Prebiotics are essentially the type of fiber that feed gut bacteria and can be found in many fibrous foods including beans, onions, asparagus, bananas, and oats. Balancing your plate with foods containing both prebiotics and probiotics may go a long way in helping to regulate stress and mood.
What You May Want to Avoid
Just as certain dietary choices may improve stress and mood, others may worsen them. “Try limiting ultra-processed foods, refined grains, foods with high levels of added sugars, and fried foods, as diets high in these foods promote inflammation, contribute to poor gut health, and in some cases, have been linked to mood disorders like depression, anxiety, and stress,” explains Ngo.
And it isn’t just food choices, but also our eating behaviors that can have a negative impact on stress. “Mindless eating, quick consumption of food, and feelings of guilt or shame while eating can all increase feelings of stress, and in turn result in gastrointestinal issues,” adds Gunner.
The 5-Step Plan to Eating Away Stress
If you’re ready to take action to improve mood and stress through food, these five simple steps can help:
- Eat at least one probiotic-rich food or drink daily. Think: miso, tempeh, kefir, kombucha, fermented vegetables, and yogurt.
- Fill at least half your plate with fiber-rich foods including vegetables, fruits, whole grains, beans, and legumes.
- Limit your intake of added sugars which may have a negative impact on the balance of healthy bacteria in the gut. Aim for less than 10 percent of total calories to come from added sugars.
- Practice slowing down and eating mindfully. Make sure you take the time to really notice and enjoy your food. Sit down at a table, put your food on a plate, and eat it slowly with intention.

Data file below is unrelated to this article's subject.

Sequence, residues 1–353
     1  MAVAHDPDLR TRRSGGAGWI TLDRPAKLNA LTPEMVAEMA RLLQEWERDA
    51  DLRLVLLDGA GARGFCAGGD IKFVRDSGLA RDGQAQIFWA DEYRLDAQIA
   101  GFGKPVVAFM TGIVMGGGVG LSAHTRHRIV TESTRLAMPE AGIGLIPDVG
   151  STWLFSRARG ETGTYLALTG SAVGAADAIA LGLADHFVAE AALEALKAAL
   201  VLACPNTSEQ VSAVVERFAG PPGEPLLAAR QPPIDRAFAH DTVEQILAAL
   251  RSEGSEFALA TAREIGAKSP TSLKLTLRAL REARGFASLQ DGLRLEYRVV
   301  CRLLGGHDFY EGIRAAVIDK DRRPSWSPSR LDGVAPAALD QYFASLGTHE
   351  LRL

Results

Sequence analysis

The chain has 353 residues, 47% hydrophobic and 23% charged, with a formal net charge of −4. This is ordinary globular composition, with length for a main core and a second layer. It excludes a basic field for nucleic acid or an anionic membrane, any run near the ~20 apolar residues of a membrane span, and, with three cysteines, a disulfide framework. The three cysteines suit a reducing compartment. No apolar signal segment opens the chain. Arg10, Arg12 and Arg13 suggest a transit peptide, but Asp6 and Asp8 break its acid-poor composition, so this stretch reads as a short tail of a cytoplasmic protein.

- Say good-bye to guilt. There are no “bad” foods or “good” foods. Just focus on balance. The more you shift your thinking away from what you shouldn’t eat or can’t eat, the less guilt and stress you will feel with eating. And that shift can play a big role in improving both your mood and your overall relationship with food.
Fitbit Sense can also give you deeper insight into your personal stress levels. For example, the Stress Management Score tool helps you understand if your body is showing signs of stress on a daily basis. Your score ranges from 1 to 100—a higher number means you’re showing fewer physical signs of stress. It’s calculated based on three metrics: responsiveness (how much strain your body is under), exertion balance (impact of your activity), and sleep patterns (how well you’ve been sleeping). Learn more about Fitbit’s state of the art stress management experience here.
This information is for educational purposes only and is not intended as a substitute for medical diagnosis or treatment. You should not use this information to diagnose or treat a health problem or condition. Always check with your doctor before changing your diet, altering your sleep habits, taking supplements, or starting a new fitness routine.